For many, the word feedback has negative connotations, mainly because the only time their boss gives them any feedback is when something goes wrong! Effective feedback covers both what went well (so that the receiver knows what to carry on doing) as well as areas for improvement.
"Belief 2: The more flexible I can be, the greater my chances of success
If what you are doing is not getting the results you want, then do something differently. For example, if you have a particular style of writing proposals, of pitching to prospective clients, or of interviewing job candidates, and are not achieving the success you would like, be prepared to adapt your approach. Belief 3: Have respect for people’s individuality
We are all different, but if you can respect someone’s individuality (for example, their personality, beliefs, attitudes), you are more likely to be able to influence them. Stephen Covey, in his best-selling book The Seven Habits of Highly Effective People, states that one of the seven habits is to “seek first to understand, then be understood” – in other words, find out what other people are thinking and feeling about a situation, and by doing so they may become more open to being influenced by you.
In a business context, if you can appreciate a client or colleague’s viewpoint (even if you disagree with it), you’re more likely to find a compromise or win them over than if you remain aloof or dismissive. Belief 4: Even if I can’t do something at present, I can learn to do it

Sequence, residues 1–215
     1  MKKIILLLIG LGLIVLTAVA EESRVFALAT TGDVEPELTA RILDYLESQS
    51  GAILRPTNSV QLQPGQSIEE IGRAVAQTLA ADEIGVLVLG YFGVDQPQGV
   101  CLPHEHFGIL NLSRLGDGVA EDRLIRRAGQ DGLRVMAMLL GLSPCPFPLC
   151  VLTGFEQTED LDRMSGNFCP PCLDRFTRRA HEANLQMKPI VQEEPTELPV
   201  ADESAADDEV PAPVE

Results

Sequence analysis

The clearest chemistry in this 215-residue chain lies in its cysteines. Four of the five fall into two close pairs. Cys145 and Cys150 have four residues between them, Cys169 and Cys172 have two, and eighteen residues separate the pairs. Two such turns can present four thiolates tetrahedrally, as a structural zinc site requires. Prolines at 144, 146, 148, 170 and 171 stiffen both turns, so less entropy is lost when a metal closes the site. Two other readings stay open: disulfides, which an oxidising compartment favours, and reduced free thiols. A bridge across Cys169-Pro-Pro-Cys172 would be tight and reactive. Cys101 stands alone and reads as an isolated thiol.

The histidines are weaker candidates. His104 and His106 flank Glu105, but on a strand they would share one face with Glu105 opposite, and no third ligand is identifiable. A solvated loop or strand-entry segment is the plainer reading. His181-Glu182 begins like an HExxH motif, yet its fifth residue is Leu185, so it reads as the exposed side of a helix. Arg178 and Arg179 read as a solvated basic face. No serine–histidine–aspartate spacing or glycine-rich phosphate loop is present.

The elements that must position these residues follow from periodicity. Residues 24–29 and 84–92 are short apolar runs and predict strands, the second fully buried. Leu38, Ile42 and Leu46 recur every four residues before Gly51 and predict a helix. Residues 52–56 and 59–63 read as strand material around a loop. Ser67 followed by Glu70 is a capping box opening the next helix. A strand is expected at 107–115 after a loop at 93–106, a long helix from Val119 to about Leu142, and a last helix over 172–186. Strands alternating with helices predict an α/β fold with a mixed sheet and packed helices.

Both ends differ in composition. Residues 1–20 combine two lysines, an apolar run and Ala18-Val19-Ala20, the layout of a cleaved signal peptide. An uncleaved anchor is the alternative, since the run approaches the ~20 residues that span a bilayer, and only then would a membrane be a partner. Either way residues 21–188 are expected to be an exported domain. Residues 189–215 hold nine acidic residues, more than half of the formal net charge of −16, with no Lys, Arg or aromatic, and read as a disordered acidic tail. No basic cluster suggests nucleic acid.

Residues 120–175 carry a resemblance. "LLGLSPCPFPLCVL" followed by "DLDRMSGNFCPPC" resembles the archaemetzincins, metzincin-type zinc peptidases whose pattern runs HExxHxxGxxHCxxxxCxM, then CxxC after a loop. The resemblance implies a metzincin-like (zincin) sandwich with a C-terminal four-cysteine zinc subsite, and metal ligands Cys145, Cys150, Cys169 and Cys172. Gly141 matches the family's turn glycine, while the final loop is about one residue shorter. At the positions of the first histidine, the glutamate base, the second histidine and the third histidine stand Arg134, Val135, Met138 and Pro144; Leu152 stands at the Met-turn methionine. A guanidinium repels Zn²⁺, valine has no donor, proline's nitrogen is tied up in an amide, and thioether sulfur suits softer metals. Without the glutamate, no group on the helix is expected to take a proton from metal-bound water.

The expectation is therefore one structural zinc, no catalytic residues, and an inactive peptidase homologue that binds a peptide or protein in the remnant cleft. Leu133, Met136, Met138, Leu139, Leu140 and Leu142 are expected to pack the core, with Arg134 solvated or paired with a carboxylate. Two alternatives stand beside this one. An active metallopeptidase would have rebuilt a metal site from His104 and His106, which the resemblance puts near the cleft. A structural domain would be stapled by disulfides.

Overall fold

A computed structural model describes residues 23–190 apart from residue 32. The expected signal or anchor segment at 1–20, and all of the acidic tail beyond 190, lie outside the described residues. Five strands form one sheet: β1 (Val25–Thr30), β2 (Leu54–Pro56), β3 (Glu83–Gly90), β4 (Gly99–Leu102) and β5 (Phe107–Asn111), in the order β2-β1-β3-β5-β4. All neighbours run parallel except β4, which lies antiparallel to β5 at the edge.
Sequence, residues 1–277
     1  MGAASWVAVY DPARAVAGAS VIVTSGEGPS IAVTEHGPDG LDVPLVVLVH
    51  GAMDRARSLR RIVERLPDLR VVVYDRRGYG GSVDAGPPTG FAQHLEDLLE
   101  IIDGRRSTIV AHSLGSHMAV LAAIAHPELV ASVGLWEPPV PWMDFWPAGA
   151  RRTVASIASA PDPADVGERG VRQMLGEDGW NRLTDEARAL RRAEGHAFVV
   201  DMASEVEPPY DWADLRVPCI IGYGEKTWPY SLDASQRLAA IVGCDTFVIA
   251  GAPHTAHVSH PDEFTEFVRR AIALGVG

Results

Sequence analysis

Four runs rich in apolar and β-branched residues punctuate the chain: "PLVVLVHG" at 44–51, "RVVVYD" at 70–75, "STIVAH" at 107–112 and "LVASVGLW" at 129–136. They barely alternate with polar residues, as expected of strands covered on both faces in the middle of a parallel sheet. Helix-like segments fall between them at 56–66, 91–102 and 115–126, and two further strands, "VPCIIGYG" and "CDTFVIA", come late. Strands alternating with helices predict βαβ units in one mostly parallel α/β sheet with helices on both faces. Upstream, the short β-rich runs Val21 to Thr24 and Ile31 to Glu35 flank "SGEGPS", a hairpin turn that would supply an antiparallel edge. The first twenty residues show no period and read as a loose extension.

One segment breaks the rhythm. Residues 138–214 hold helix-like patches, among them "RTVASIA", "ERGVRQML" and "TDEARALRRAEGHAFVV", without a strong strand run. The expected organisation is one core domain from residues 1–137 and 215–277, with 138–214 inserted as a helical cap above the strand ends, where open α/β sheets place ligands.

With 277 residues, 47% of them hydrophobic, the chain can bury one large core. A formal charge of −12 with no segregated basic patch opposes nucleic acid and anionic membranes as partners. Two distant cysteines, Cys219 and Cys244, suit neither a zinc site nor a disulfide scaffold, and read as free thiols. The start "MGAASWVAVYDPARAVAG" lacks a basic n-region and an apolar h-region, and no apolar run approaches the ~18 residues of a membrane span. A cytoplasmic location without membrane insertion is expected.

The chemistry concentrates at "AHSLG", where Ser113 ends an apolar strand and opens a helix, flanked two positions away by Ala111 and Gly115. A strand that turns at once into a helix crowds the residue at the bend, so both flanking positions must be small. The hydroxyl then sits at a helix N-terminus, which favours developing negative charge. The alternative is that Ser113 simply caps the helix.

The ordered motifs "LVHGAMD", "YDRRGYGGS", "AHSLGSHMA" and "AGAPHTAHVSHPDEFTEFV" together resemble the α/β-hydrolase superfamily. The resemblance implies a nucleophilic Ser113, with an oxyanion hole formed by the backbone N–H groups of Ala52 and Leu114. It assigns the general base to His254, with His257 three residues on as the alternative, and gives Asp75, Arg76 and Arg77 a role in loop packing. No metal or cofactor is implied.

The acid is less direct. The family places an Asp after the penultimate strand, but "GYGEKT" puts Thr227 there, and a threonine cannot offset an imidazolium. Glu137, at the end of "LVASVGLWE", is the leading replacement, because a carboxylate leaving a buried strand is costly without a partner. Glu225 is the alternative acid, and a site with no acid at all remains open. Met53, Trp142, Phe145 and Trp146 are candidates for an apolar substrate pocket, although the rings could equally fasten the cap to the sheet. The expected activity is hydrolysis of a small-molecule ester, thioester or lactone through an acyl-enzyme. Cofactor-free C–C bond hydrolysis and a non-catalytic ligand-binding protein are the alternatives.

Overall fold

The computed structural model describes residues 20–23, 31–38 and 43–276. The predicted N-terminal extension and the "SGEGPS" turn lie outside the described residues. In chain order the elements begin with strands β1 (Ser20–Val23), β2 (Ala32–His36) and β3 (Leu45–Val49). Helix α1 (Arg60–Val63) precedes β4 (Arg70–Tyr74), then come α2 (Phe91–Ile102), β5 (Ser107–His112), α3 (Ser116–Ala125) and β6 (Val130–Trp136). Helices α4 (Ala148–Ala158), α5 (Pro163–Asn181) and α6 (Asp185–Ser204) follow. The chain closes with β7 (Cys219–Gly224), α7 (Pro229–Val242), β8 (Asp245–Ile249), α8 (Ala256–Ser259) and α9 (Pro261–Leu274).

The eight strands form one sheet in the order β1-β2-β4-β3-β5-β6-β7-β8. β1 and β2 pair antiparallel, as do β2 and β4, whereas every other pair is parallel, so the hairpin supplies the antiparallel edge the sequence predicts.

Successful people know that they can learn to improve skills, be that selling, presenting, interviewing, planning or improving their putting or tennis serve, even if they cannot currently do that task. Ways to do this include simply practising more, breaking down the task into bite-size chunks or asking for help from someone who can do it (for example, going on a training course, hiring a coach or seeking guidance over a lunchtime meeting).
In my experience as a coach, often a key factor in improving a particular skill is simply the level of motivation an individual has to achieve something; if it’s possible to visualise how a skill can help, this is highly motivating. Belief 5: I am in charge, or can learn to become in charge, of my state of mind
You may have experienced nervousness in certain ‘pressure’ situations, such as pitching for a big project, being interviewed for a job you really want, presenting disappointing news to a client, or doing exams. Sometimes this nervousness can improve performance, or you may have experienced situations where nerves had a detrimental effect (this phenomenon is widely referred to as ‘the inverted U’ in sports psychology).